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GST 'Will Boost' India's Gold Buying Long Term

No.2 consumer nation set to keep buying gold with new 3% sales tax...
DEMAND for buying gold in India is set for a long-term boost from the country's new GST sales tax, according to industry figures and analysts.
Despite the short-term challenges it throws up, the new Goods and Services Tax (GST) will increase demand for gold from the world's second-largest consumer market in the long run, says a report by the World Gold Council.
"The industry will go through a period of adjustment," says the mining-backed market development organization, but "we see the net impact on the gold industry as being positive." 
"The new tax is likely to cause some short-term disruption," agrees specialist consultancy Metals Focus, predicting that "demand will be subdued for a few manufacturers, retailers, importers and consumers adapt to the new regime" 
The introduction of India's new 3% sales tax on bullion, with 5% levied on fabrication fees for jewelry, consolidates the country's formerly fractured regime of local rates and rules.
All told it will see gold bars cost consumers 2.0% more while jewelry will see an average 3.2% rise, according to equity and commodity brokers Motilal Oswal.
"The slight increase in taxes is likely to impact demand," it says, but "pass-down [of price rises] to retail consumers will not be much of an issue over a period of time," says Navneet Damani, vice president of commodity research.
"We expect full year 2017 demand in India to be slightly higher than 2016."
With this year's monsoon rains estimated to be within normal bounds, analysts would typically expect a good harvest followed by solid rural demand to buy gold over October's peak festive season.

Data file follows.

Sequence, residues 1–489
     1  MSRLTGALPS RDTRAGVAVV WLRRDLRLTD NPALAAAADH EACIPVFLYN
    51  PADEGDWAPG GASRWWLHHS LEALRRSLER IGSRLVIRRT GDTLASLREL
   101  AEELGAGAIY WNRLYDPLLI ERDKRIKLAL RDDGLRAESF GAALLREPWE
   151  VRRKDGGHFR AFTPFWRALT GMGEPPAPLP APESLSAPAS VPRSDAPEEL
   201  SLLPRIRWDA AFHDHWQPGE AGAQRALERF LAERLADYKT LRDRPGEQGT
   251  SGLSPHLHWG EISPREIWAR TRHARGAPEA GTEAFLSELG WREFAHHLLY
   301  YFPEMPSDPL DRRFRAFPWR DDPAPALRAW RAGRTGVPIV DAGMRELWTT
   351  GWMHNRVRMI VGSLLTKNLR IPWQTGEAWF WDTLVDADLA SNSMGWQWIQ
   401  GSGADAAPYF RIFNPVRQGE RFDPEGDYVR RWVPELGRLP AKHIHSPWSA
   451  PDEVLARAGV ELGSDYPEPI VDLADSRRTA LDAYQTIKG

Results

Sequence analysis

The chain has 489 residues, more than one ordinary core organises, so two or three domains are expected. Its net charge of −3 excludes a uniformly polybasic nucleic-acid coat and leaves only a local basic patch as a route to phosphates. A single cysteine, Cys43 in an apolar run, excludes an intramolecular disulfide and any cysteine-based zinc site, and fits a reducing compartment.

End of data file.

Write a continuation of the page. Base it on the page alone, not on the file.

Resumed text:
"India's gold demand [is] heavily dependent on monsoons," concluded a presentation by Shekhar Bhandari, senior executive vice president at Kotak Mahindra Bank (NSE:KOTAKBANK), speaking at the London Bullion Market Association's 2016 conference in Singapore. 
Chart of India's monsoon rains and gold imports. Source: Kotak Mahindra Bank
"Providing the market adapts to the new GST," says Alistair Hewitt, head of market intelligence at the World Gold Council, "we may see solid demand around Diwali." 
Further ahead, the World Gold Council believes the new GST system " should be helpful for gold demand," predicting it will "rising to 850-950 tonnes by 2020," up from current levels of approximately 700 tonnes.
Here in the typical summer lull however, "The gold market is at a recession period right now," says Pankaj Parekh, president of Bullion and Jewellers' Associations. 
Besides the seasonal downturn in Indian demand, the country saw heavy gold buying in anticipation of GST being introduced on 1st July, and so "Inventory levels have increased by 45% in the last six months," report analysts Thomson Reuters GFMS, "with imports in the first half already near the whole of 2016 volumes." 
Final consumer demand to buy gold could still be "10% higher year-on-year" from 2016's sharp drop on the demonetisation of large banknotes, the consultancy believes, "[as] consumption demand by the end of the year is forecast to reach close to 660 tonnes."
Chart of India's household gold demand, rolling 4-quarter totals, versus Rupee prices. Source: BullionVault via St.Louis Fed and via World Gold Council via Metals Focus
Consolidation in the market seems likely following the new tax, reports GFMS, as larger firms will find it easier to expand the reach of their outlets across state lines over the next year.
A new limit of Rs 2 lakh (200,000 Rupees, currently equal to $3,100) on all cash transactions will drive payments via debit and credit cards, it says, while punishing those smaller firms typically dealing more with cash. 
This "shift in trend from cash to card" is an intended consequence of the new system reports GFMS.
The Goods and Services Tax is an "encouraging step in the current context to stabilise the industry," according to the World Gold Council's managing director in India, Somasundaram PR. 

Sam Williams is reading Economics at the University of Durham. He is currently working at BullionVault as a research assistant.

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